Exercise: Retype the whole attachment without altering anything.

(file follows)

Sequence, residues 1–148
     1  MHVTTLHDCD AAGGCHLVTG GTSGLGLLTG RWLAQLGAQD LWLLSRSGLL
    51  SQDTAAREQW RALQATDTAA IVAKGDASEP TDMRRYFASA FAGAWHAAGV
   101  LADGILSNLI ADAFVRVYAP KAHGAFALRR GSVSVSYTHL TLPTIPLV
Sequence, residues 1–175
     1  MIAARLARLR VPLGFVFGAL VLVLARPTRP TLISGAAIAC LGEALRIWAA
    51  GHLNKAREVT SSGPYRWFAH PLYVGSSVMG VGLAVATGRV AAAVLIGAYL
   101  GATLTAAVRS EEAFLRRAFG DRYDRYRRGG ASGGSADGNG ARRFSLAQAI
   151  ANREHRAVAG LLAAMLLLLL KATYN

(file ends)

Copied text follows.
Sequence, residues 1–148
     1  MHVTTLHDCD AAGGCHLVTG GTSGLGLLTG RWLAQLGAQD LWLLSRSGLL
    51  SQDTAAREQW RALQATDTAA IVAKGDASEP TDMRRYFASA FAGAWHAAGV
   101  LADGILSNLI ADAFVRVYAP KAHGAFALRR GSVSVSYTHL TLPTIPLV
Sequence, residues 1–175
     1  MIAARLARLR VPLGFVFGAL VLVLARPTRP TLISGAAIAC LGEALRIWAA
    51  GHLNKAREVT SSGPYRWFAH PLYVGSSVMG VGLAVATGRV AAAVLIGAYL
   101  GATLTAAVRS EEAFLRRAFG DRYDRYRRGG ASGGSADGNG ARRFSLAQAI
   151  ANREHRAVAG LLAAMLLLLL KATYN